Reuters

ANALYSIS-Soccer-Blanc's class of 1998 seize power

Thu, 20 May 13:05:00 2010

They are known as the class of 1998, have achieved a lasting mark by handing France their only World Cup triumph and will soon seize power with Laurent Blanc becoming the national team coach.

Blanc, a prominent member of that fabulous 1998 side, although he missed the final through suspension, will replace Raymond Domenech in the top job after the June 11-July 11 World Cup finals in South Africa, the French Football Federation (FFF) confirmed on Thursday.

Only 44 but already a Ligue 1-winning coach with Girondins Bordeaux last year, Blanc was regarded as the favourite to become France coach in 2004 but the FFF ruled he was not experienced enough and picked Domenech instead.

Domenech was never popular with the fans, although he guided France all the way to the final of the 2006 World Cup, and has been booed at every match ever since the former world and European champions' shock early exit from Euro 2008.

His taste for cautious tactics did not go down well with the supporters, but their main problem was that the man in charge of the team that once made France proud had never won anything as a coach.

Stubborn, never apologetic about anything and revelling in controversy, Domenech soon became the man everybody loves to hate.

Blanc is different, if only because he has put his hands on plenty of silverware as a player, with France but also at club level notably with Inter Milan or Manchester United, and has already won a title as coach despite limited experience.

As a player, Domenech was a rough, workaholic defender who modestly won eight caps while Blanc was an elegant sweeper who graced his country 97 times.

ALONGSIDE ZIDANE

Blanc's main advantage, however, was that he was there in 1998, alongside Zinedine Zidane, Didier Deschamps and Bixente Lizarazu.

Many members of that awe-inspiring side have stayed active, some in coaching like Deschamps, who has just guided Olympique Marseille to the Ligue 1 title, others as television pundits like Zidane and Lizarazu.

Most have become harsh Domenech critics, to the extent that FFF president Jean-Pierre Escalettes once called them a "lobbying group", and they did not understand the ruling body's decision to leave Domenech in place after the Euro 2008 disaster.

Now they will have one of their own in charge.

The reason why the FFF resisted the class of 1998 for so long was partly because they needed to assert their own power, which they did by naming Domenech, formerly the coach of France's Under-21 side.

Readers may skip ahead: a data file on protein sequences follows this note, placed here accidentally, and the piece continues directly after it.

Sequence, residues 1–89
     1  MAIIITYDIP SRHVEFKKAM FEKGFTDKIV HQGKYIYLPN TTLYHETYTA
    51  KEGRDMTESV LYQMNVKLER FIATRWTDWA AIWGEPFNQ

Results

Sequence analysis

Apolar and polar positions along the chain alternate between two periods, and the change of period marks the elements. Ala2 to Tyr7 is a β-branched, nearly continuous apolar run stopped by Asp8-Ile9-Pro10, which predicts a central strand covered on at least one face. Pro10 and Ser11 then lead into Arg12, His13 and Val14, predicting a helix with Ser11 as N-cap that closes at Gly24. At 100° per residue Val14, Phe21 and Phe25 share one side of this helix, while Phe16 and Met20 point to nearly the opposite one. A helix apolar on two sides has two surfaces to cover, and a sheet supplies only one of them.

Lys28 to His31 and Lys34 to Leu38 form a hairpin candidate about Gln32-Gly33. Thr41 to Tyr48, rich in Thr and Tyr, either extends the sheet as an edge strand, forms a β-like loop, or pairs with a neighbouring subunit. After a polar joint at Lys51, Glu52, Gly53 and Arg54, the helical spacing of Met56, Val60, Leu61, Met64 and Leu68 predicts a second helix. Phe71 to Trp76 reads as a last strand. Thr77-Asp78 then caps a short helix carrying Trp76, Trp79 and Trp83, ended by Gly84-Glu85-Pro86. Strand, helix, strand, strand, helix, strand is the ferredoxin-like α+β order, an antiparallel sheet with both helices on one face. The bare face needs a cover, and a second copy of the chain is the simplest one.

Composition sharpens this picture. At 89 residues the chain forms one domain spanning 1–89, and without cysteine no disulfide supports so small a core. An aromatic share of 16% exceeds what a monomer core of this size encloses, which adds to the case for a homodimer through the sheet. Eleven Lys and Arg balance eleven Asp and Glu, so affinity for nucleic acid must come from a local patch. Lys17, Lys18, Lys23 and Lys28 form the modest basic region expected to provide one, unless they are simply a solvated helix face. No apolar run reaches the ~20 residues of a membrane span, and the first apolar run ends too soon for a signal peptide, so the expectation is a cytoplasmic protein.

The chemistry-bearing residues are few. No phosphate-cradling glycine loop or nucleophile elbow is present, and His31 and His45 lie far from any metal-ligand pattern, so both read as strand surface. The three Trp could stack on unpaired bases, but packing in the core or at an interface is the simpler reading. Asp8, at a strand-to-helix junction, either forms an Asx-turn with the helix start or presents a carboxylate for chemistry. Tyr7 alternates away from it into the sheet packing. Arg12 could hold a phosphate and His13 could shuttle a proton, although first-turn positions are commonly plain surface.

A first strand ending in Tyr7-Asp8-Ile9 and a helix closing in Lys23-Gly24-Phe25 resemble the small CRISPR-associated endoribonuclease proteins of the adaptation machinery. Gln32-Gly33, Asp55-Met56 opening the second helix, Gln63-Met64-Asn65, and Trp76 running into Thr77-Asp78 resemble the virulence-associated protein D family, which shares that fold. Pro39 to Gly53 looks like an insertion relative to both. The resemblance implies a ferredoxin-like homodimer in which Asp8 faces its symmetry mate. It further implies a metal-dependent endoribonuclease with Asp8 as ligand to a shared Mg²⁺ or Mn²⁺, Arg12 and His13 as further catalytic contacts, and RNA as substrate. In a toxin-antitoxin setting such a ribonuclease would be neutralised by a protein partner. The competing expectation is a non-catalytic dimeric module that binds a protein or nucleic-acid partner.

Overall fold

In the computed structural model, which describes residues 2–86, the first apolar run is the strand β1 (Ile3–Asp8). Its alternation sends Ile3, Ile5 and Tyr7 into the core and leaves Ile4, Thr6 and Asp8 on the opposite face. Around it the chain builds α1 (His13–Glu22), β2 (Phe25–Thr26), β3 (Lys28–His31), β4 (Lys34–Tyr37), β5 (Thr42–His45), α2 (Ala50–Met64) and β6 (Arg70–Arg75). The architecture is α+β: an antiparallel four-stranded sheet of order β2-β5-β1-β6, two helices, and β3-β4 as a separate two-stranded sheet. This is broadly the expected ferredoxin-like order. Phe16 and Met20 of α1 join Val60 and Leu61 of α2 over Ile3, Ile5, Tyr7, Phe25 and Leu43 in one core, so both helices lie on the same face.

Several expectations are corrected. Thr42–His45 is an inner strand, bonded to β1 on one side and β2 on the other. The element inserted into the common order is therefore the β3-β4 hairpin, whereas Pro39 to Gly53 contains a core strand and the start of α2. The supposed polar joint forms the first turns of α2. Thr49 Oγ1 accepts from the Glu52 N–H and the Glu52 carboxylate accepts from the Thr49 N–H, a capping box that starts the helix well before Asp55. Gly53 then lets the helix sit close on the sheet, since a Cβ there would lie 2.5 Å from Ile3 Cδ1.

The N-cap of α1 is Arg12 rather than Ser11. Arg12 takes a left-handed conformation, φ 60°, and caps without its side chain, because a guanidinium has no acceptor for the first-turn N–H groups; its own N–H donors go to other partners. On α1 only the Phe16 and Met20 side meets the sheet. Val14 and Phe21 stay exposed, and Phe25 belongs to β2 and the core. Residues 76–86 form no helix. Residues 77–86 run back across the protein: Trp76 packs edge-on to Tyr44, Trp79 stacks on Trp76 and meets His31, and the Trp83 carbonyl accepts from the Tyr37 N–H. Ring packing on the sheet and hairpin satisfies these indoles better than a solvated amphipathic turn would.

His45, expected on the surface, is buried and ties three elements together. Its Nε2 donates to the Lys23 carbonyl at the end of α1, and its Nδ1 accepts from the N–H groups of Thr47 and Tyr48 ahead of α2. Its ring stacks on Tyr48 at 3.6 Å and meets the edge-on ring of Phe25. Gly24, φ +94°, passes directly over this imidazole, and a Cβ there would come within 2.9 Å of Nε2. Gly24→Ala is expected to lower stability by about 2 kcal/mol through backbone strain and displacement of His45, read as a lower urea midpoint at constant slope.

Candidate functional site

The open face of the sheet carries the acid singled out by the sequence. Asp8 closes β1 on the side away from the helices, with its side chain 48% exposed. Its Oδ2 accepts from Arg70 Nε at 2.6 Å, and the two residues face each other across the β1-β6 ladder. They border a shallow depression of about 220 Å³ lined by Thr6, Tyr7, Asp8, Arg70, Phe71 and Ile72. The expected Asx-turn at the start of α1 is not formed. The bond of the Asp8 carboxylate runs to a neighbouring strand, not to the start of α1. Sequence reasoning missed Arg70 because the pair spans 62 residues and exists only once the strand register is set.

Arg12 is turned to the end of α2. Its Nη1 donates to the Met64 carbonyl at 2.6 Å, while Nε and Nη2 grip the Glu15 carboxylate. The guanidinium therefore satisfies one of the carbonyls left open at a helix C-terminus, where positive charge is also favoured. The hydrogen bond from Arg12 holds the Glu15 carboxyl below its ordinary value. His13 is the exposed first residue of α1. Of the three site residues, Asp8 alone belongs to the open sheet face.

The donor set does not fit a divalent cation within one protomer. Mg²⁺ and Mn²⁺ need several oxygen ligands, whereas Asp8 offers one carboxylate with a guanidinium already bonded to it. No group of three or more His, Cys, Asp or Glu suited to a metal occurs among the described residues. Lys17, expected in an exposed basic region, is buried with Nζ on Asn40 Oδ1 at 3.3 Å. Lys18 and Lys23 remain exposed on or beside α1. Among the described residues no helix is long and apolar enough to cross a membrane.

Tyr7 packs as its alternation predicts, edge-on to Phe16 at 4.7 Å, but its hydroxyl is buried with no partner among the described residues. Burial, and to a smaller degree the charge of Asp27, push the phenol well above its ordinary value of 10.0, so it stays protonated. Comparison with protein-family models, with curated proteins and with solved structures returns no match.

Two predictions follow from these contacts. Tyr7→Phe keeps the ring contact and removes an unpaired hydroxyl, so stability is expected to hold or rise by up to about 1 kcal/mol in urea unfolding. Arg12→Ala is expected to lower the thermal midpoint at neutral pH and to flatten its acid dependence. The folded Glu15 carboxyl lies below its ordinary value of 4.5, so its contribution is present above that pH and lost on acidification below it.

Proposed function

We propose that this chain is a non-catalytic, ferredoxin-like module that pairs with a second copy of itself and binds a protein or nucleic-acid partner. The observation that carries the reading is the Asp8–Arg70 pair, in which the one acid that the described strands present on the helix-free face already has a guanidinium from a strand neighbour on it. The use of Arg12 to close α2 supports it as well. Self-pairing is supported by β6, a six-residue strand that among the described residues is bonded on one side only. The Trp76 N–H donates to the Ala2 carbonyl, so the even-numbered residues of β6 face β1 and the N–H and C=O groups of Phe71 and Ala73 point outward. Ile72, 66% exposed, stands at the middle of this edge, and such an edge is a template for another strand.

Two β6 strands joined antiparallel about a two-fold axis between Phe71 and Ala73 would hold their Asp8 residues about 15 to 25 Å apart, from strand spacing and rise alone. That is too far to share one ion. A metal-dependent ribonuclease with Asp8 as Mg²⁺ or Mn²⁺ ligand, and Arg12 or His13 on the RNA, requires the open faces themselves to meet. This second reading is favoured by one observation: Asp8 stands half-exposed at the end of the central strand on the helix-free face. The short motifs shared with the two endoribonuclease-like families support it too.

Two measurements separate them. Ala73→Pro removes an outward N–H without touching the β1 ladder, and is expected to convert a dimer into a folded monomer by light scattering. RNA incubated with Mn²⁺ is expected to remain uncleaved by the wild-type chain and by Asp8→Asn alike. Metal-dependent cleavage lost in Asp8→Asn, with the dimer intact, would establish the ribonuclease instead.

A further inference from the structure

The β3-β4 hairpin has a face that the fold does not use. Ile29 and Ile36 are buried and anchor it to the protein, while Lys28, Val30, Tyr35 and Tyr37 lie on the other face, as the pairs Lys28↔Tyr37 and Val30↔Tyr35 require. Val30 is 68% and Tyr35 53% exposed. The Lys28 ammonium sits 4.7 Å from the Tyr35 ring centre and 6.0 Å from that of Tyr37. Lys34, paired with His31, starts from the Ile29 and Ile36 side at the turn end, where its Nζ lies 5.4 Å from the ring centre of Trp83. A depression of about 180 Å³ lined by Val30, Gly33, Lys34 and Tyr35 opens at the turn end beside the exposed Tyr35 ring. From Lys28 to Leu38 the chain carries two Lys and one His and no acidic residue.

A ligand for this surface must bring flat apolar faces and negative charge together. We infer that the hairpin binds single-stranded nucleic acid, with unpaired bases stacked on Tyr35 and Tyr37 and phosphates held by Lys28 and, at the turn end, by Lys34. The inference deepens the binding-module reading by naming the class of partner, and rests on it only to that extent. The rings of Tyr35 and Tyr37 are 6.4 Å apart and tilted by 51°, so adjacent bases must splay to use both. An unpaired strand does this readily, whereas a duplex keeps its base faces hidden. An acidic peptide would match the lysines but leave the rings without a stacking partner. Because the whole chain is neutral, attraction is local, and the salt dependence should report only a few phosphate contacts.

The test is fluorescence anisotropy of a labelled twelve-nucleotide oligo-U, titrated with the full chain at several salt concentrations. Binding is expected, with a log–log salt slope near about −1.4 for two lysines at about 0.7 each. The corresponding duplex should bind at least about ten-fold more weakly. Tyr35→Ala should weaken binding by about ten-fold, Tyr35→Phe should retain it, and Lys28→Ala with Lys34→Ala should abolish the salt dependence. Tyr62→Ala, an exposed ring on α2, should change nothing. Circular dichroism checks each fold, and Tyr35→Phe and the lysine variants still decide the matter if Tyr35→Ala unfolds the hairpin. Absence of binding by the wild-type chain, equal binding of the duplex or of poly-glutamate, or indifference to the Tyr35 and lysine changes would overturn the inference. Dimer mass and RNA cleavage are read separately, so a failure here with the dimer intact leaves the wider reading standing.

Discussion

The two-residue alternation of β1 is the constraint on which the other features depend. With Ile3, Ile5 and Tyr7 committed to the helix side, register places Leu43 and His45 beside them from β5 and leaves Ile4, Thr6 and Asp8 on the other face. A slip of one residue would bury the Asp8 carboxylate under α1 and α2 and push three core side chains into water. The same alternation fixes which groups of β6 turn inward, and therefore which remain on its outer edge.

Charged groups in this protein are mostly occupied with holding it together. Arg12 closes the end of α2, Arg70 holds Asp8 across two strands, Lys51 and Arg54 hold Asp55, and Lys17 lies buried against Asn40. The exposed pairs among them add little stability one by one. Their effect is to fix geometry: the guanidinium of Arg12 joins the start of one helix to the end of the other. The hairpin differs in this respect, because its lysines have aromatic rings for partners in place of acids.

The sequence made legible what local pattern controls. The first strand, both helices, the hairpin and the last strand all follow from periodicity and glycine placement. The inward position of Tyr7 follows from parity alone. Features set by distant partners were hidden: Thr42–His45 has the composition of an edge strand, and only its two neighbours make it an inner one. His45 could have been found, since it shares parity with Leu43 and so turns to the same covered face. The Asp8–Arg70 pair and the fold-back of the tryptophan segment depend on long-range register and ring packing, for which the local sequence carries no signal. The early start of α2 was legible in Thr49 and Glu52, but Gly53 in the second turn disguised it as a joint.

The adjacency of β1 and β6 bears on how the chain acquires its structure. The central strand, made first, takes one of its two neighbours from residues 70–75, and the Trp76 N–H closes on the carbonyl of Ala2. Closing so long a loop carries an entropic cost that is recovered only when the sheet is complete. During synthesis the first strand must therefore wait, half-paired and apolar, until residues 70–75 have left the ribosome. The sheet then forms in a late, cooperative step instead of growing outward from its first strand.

Blanc is certain to be much more popular than Domenech at first, if only because of his glorious past, and might be dreaming of emulating Franz Beckenbauer and Mario Zagallo, the only men to have lifted the World Cup as player and coach.

That does not mean he will not face problems.

DIFFERENT JOB

"Blanc proved he was able to be in charge at club level but coaching a national team is a different job," warned Domenech.

More competent than his critics credit, Domenech did look hard for replacements for unique players such as Zidane, Deschamps and Blanc, only to realise they were nowhere to be found.

The outgoing coach also struggled to blend a bunch of gifted but erratic players into a cohesive unit, as defender Patrice Evra admitted this week, saying France had excellent individuals but were not an excellent side.

Blanc will also have to tackle those issues and some say the challenge of taking charge of the national team has come too early in his coaching career.

Manchester United manager Alex Ferguson certainly thinks so. "I think he is too young to become a national team coach. I think Laurent has a lot of things to do before taking this kind of role," Ferguson said earlier this year.

The tall. bespectacled Blanc now has to prove his worth but has work to do, notably on his public image.

The man who hardly ever loses his cool but keeps nervously chewing his trademark coffee stirrers while standing by the touchline during matches is sometimes perceived as distant and cold, if not arrogant.

Like Domenech, he rarely smiles and can annoy sometimes with very dry remarks.

If France under his guidance recapture the style that once made them the best side in the world, he will be forgiven. Otherwise he might suffer the same fate as Domenech, with jeers ringing out from the Stade de France stands.

(Editing by Justin Palmer; To query or comment on this story email sportsfeedback@thomsonreuters.com)

 

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